Are Old School Marketing Strategies Still Valid?


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Back in the day, brochures, flyers, direct mail and yellow pages listings were THE way to get your company’s name out there. Nowadays much of the focus on marketing has been directed online. But is there a place for old school marketing strategies? Depending on your company’s target market, the answer may be yes. The suggestions below can help your get savvy about using old-school marketing strategies to increase your customer base.

Target Your Audience

At the risk of stating the obvious, one major advantage of print advertising and marketing is that you know where it’s going. Use this advantage to be savvy with your marketing message. Do a bit of research to determine the needs of your target audience. This doesn’t necessarily require an elaborate effort.

For instance, a check of your own company’s sales records should reveal what products or services sell well versus those that don’t sell so well. Use that information to target your company’s print marketing efforts to point out how your company’s products and services meet your customers’ (and potential customers’) needs.

By the way, targeting your audience includes using original graphics and photos, rather than stock images. Photos of satisfied customers (used with their permission) or photos of your company’s location, tools, products or staff reinforces a personal approach to which customers are more likely to respond. Using original visuals may cost more initially, but this is one area where going cheap definitely does not pay.

Print Ads and Marketing Are Safer

Print ads and marketing materials have another advantage over online materials: no risk of data breaches. It’s an unfortunate fact that many people are understandably wary of online materials and won’t click on links – even those included in email messages from apparently legitimate sources. This means your online message may never reach its intended audience.

All News Is Local

Is a significant proportion of your customer base in their 60s or older? Does your city or town have a widely circulated daily or weekly newspaper or local magazine? Are hyperlocal (publications focused on a single neighborhood) published in your area? If the answer to any of these questions is “yes” then local media advertising could be an excellent element to your overall marketing mix. Older individuals are more likely to read newspapers than younger individuals, who tend to obtain their news from digital sources. Local magazines and hyperlocal news publications) are also logical targets for your company’s marketing efforts — and especially for reaching niche audiences.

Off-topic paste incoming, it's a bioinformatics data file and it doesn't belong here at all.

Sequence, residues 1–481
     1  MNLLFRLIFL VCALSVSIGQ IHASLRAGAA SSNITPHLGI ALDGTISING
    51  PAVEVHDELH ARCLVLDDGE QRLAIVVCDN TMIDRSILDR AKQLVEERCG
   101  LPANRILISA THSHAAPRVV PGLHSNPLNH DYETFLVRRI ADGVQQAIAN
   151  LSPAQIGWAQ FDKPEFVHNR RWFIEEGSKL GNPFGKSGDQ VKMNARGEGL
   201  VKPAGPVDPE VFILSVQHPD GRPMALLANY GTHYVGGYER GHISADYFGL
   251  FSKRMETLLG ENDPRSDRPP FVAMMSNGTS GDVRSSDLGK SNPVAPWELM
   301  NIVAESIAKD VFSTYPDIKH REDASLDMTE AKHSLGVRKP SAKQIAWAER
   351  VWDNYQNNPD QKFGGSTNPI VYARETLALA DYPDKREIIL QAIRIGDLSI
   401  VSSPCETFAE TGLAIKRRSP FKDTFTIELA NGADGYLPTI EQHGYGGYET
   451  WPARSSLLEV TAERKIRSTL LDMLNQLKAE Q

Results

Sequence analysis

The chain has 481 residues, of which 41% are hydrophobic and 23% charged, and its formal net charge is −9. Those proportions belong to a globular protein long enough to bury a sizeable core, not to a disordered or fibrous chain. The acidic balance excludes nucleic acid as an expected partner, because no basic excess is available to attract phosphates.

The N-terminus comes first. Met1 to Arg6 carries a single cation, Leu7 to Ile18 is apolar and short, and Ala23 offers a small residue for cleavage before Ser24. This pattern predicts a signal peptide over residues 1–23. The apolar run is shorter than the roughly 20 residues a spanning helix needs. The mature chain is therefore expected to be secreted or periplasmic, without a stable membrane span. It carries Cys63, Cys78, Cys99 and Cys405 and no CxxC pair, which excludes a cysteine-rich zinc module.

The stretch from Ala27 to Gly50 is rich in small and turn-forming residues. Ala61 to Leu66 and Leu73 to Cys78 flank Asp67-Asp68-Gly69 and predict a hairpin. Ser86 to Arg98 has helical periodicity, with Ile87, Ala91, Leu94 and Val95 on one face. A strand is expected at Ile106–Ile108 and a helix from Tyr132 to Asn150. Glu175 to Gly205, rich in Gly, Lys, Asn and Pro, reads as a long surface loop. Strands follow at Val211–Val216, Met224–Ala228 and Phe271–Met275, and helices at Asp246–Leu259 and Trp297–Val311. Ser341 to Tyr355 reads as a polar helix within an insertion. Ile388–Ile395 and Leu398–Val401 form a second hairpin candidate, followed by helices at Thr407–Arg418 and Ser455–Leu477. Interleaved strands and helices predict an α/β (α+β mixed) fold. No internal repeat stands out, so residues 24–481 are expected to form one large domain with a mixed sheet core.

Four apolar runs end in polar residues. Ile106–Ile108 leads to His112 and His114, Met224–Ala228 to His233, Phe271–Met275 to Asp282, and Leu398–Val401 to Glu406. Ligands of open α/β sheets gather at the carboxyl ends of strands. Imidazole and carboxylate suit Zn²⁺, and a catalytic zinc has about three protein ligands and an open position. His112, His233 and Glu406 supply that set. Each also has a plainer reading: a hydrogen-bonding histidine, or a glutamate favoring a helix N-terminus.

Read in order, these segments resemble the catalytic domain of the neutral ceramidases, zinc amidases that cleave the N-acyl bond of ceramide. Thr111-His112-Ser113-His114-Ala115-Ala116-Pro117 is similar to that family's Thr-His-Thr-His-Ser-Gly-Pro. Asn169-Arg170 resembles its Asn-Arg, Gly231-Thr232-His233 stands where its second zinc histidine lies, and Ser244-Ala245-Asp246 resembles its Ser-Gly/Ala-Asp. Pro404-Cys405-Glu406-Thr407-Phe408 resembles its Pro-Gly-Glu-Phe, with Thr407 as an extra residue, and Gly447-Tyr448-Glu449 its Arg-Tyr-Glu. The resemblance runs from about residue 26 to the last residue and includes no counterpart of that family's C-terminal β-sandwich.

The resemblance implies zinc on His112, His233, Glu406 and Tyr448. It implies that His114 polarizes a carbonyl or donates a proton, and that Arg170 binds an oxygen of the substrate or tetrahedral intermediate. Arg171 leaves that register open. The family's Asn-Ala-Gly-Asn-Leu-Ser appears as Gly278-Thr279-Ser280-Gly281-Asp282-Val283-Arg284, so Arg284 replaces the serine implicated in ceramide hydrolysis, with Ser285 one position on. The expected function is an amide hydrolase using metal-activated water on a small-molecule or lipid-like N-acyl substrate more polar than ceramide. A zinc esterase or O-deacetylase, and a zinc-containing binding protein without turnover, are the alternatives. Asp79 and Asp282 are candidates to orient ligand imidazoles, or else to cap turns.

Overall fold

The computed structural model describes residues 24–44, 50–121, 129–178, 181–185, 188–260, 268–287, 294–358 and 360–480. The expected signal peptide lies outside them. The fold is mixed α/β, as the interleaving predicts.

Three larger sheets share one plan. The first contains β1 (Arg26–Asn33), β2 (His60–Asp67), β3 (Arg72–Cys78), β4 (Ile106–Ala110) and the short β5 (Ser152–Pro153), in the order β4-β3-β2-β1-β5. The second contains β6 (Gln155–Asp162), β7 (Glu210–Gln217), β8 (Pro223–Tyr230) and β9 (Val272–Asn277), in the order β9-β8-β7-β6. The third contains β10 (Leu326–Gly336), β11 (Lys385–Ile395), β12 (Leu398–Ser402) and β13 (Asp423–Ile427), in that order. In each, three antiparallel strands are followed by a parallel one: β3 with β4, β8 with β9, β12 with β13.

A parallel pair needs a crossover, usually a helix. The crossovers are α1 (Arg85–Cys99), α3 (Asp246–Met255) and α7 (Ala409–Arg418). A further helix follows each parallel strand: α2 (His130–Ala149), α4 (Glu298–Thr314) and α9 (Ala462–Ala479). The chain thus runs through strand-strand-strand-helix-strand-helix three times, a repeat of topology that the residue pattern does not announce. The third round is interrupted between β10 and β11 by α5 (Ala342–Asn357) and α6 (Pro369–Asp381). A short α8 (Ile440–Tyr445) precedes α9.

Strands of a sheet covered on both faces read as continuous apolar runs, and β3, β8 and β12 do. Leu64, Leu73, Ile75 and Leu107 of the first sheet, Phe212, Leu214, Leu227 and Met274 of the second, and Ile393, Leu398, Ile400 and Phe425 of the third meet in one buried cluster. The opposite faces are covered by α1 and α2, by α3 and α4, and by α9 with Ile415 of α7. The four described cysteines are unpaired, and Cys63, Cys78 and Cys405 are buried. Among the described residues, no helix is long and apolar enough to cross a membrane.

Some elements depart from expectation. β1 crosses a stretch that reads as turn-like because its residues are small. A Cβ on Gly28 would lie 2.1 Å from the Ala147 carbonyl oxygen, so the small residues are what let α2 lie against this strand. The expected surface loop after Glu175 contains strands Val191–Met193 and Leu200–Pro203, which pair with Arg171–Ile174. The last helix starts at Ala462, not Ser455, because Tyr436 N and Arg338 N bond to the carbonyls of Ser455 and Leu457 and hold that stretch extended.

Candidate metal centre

Leverage the Luxury of Time

According to a study cited in a 2012 Forbes magazine article, people often skim websites in as little as 15 seconds. By contrast, people read words on a printed page 20 to 30 percent slower than they read the same words in digital form. Take advantage of this fact to produce longer, more detailed copy than you might place on a website.

Entice Customers with “Lumpy” Mailings

One of the major challenges of so-called junk mail is inducing recipients to read it rather than throwing it in the trash without a look. So-called “lumpy” mailings play on the natural curiosity of individuals – who are more likely to open your company’s mailing, if only to see what’s inside. One example of a “lumpy” mailing: a toy replica of an air conditioning unit attached to your company’s print mailing message. One caution – “lumpy” mailings should be clearly marked with your company’s logo and address to avoid scaring people into believing they’ve received a suspicious package.

Supplement and Compliment Online Marketing

None of this means that you can or should abandon online promotional efforts, especially if you want to reach younger audiences. The good news is that you can also use print ads and marketing in conjunction with digital media.

Here’s how: create an ad or a marketing piece with a QR code or that includes a URL to your company’s website. But don’t just direct readers to the website’s home page. Instead, create a specific landing page with a call to action, such as a fillable form requesting more information or requesting fulfillment of an offer featured in your company’s print ad or marketing materials. This approach has two advantages: you’re directing readers to take specific action (which is often more effective than merely having them passively read materials, plus you can track how effective your marketing efforts are by comparing the number of ad placements or direct marketing pieces that are distributed with hits on the designated landing page.

Audrey Henderson
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Posted In: Sales & Marketing

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